Published on February 18, 2020
My pregnancy started off a little rough
Why the Astros may have been my morning sickness victims
I’ve always heard the beautiful stories about pregnancy, how it was the best or most special time of someone’s life and how they loved being pregnant.
My pregnancy didn’t start that way.
I had probably gone to the doctor a little too early. They couldn’t see a yolk sac or a baby. Nothing was showing up. There were a lot of emotions that day. Hey, I’d better be pregnant, or I’ll need a good explanation why all these changes are taking place and why I’m throwing up, I thought.
Then, it was time for blood work.
I went to a clinic to test for a zillion different things. They took quite a bit of blood from me. I wanted to ask them to leave some for me.
Then I had to wait another full month before going back and finding out if I was actually pregnant. It was a long month. Each day crawled by slowly as I wondered why I felt so - different. I was anxious, scared, tired, and any other emotion you can feel during this time.
My body was trying to convince me that I was pregnant by keeping me exhausted and not letting me eat. I was having meat aversions, which, I read, was normal. I was only able to keep down mostly crackers and grains. I had unwillingly gone vegan, and I was not happy about it. But my system was appeased by the new diet.
Every now and then I’d crave a burger or chicken tenders and tell myself that it would be fine just this one time. It wasn’t fine. My body fought a valiant battle against me.
Every morning I would wake up and have a routine. It went like this: Wake up, lay there and try to avoid throwing up, then eventually throw up. There was no way to avoid morning sickness. Those specialty teas and mints were a total waste of money.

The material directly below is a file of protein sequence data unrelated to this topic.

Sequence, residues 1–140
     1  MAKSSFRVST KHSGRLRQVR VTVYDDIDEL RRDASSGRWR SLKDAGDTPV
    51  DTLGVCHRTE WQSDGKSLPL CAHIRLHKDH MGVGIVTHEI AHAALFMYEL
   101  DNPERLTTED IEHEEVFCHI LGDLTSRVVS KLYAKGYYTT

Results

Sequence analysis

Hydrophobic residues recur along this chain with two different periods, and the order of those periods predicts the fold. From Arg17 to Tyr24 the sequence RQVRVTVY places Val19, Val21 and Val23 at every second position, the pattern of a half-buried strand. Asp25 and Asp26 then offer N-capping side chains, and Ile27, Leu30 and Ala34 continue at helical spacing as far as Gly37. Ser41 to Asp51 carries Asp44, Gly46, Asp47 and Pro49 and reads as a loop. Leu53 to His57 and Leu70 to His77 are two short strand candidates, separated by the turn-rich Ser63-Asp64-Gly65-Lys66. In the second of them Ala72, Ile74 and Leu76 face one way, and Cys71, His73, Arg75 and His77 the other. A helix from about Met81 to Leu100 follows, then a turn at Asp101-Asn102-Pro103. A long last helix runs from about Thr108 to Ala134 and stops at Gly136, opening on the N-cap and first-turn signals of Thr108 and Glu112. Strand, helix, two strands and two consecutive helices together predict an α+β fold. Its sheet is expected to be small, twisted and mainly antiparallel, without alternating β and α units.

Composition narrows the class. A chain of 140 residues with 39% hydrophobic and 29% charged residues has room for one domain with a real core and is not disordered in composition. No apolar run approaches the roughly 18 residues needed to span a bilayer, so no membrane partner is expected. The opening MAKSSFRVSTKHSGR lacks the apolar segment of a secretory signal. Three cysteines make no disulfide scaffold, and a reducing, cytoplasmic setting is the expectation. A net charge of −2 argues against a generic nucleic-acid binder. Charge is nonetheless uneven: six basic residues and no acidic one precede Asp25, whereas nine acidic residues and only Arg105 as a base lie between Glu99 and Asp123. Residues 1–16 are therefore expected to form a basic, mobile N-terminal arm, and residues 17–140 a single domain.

The exhaustion had been there since day one, but the entire first trimester included dozing off and at completely random places.
My new, unpredictable biological condition became a big hassle, even at the World Series Game last year.
Walking up and down the stairs wasn’t the best thing to do as an exhausted, newly pregnant woman. I ended up holding the recycling bag at the top, while I let my husband, David, walk up and down the stairs every inning.
In-between innings, I ran to the bathroom to throw up. One inning I didn’t make it all the way. I found the nearest trash can. Some guy got upset at me because he was using it as a drum. I had no choice but to vomit in his drum. Then he stopped banging on it. And the Astros lost.
Wait a minute. Now it makes sense. Did I throw up in the sign- signal-sending can? I didn’t mean to. It looked like a regular can.
By the end of the game, I was totally exhausted. I was at my home team’s World Series game, and all I could think about was sleeping.
I found an empty picnic table by the Crawford boxes and took the world’s best nap. SInce the banging noise stopped, and we lost, it turned out to be the right decision.
Lesson learned: Don’t get pregnant and then volunteer to collect recyclables at Minute Maid Park during the World Series.
And then came the good news. That little pea-sized shape in the Ultrasound picture was our baby.
“Welcome to the family!” David and I were beside ourselves. Our emotions got the best of us again. We were thrilled, and crying. Then the tech doing the ultrasound burst into tears. It was one of the sweetest moments - a Kodak moment, for those of you who remember that incredible successful marketing campaign.
I’d be lying if I said that the first few weeks were beautiful.
It was a little messy and emotionally complicated.
But being pregnant is beautiful.
(You can reach Stephanie at firstname.lastname@example.org. Or by writing to: The Bulletin, P.O. Box 2426, Angleton, TX. 77516)